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Old 03-07-2019, 07:03 AM
cheesethin cheesethin is offline
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Default Throw or Drop

This came up on Reddit.

Player is lining up a forehand shot and they are pumping the disc forwards and backwards a few times assessing their line, before they take their shot. Due to a loose grip the disc slips unintentionally out of their hand and flies forward a short distance.

Throw or drop or other?
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Old 03-07-2019, 07:30 AM
JC17393 JC17393 is offline
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Based on QA-THR-1, it depends on the motion involved: "A throw begins when the disc is moving forward in the intended direction. A disc dropped or knocked out before or during a backswing does not count as a throw."

I'd say if it was a forward motion, and there wasn't anything that knocked the disc out of the thrower's hand, you have to call it a throw. I know I've been faked out by pumps enough that if the disc comes out, I don't know if I'd know the difference between intentional and accidental release.
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Old 03-07-2019, 09:03 AM
cheesethin cheesethin is offline
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My first read of the q&a lead me that way as well. But looking at*802.01 the definition of a throw now has an intention element in it (was this the 2018 rule change?).


Quote:
A. A*throw*is the propulsion and release of a disc in order to change its position. Each throw that is made as a competitive attempt to change the lie is counted.
I think this means that a judgement call has to be made as to whether the player*propulsed*and released the disc in order to change its position. IE did they intend to let go? This inclusion of intentionality in the definition of a throw seems to carve out a space for drops to exist, even if they come from a forward movement.

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Old 03-07-2019, 09:28 AM
biscoe biscoe is offline
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Old 03-07-2019, 11:23 AM
JC17393 JC17393 is offline
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Originally Posted by cheesethin View Post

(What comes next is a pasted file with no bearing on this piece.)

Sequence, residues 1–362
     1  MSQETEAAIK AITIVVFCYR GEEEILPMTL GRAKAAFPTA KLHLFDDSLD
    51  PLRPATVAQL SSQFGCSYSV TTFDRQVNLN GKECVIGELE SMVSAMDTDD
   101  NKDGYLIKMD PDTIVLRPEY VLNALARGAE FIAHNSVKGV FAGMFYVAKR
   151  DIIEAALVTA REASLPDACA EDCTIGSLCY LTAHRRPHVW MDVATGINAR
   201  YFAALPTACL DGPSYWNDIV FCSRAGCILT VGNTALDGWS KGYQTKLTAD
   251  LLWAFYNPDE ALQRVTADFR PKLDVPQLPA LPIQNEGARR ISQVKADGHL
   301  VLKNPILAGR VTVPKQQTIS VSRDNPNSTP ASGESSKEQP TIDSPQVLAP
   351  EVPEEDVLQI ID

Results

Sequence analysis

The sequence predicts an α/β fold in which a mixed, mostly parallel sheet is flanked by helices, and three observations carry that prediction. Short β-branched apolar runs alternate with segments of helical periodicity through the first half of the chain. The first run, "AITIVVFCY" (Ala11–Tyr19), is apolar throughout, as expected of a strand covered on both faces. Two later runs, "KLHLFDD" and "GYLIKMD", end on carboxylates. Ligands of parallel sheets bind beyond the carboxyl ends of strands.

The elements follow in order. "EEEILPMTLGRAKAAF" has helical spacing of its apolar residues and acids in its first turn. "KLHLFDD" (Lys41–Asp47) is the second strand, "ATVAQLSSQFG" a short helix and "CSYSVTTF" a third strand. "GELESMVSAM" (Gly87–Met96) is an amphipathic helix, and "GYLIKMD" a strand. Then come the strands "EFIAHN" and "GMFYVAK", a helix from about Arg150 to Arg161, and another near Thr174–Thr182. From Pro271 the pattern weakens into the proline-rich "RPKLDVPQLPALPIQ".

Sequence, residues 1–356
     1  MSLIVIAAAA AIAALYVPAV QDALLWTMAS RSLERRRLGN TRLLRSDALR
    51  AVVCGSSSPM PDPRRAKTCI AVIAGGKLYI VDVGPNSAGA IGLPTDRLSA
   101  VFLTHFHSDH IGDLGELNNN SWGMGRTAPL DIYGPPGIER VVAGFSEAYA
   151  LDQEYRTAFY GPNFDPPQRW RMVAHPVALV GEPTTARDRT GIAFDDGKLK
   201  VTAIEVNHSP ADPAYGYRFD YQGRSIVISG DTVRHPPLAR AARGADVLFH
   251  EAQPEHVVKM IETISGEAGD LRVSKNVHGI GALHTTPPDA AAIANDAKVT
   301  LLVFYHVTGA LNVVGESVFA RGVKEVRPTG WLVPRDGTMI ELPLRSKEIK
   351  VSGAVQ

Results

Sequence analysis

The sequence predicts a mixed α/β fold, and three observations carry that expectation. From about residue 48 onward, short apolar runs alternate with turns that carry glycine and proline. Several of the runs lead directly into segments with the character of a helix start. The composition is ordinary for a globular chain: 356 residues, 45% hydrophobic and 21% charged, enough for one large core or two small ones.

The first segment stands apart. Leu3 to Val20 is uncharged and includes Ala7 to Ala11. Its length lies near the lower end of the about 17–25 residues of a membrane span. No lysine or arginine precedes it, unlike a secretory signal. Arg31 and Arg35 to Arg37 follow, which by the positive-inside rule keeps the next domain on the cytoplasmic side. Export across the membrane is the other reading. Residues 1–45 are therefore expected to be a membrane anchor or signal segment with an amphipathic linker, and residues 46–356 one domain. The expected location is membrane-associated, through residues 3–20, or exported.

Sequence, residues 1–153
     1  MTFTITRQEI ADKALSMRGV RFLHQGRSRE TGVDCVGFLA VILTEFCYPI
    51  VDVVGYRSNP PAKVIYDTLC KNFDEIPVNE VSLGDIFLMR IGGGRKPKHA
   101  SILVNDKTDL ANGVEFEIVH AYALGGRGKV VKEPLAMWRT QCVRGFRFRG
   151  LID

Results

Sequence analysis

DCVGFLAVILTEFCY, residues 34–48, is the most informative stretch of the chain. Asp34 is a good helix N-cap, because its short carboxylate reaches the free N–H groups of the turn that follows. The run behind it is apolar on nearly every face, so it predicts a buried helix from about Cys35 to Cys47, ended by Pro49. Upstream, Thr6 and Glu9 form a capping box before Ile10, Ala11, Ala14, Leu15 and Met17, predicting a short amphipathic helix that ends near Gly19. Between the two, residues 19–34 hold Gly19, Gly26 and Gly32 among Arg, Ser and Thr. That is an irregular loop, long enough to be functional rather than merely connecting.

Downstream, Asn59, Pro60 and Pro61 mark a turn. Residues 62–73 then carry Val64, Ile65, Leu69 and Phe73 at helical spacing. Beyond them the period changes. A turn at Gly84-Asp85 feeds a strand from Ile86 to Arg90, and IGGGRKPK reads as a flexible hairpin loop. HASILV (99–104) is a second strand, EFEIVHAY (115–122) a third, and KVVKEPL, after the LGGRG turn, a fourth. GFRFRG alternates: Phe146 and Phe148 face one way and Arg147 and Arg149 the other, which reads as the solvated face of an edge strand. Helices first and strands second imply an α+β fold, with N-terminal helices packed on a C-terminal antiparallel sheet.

My first read of the q&a lead me that way as well. But looking at*802.01 the definition of a throw now has an intention element in it (was this the 2018 rule change?).




I think this means that a judgement call has to be made as to whether the player*propulsed*and released the disc in order to change its position. IE did they intend to let go? This inclusion of intentionality in the definition of a throw seems to carve out a space for drops to exist, even if they come from a forward movement.

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I understand there's an intent element to it. That's not new, it was in the 2013 edition of the rules (it may be older but 2013 is the book I have handy). My point was intent is difficult to decipher in the moment. I've been fooled by enough pump fake style practice swings (turning my head to watch the non-existent disc fly) that if a player let go in a practice swing, the distinction between it being intentional or accidental can be difficult to discern. Difficult doesn't mean impossible. I suppose a player's reaction can be taken into account when making the call. I mean, if they curse or say "oops" or something that makes it obvious they didn't mean to let go, I wouldn't argue a ruling that it was a drop.

Ultimately, it is a judgment call so I don't think the rule can be black and white about it. I would approach a generic situation such as presented here from the point of view that it was a throw unless it can be proven otherwise.

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Old 03-07-2019, 12:33 PM
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krupicka krupicka is offline
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If they are on their lie and propel the disc forward, what else are we suppose to assume? I've had some bad releases where the disc slips out of my hand while throwing. I should not be able to say, "that's not what I meant to do" and get a do-over.

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Old 03-07-2019, 12:51 PM
cheesethin cheesethin is offline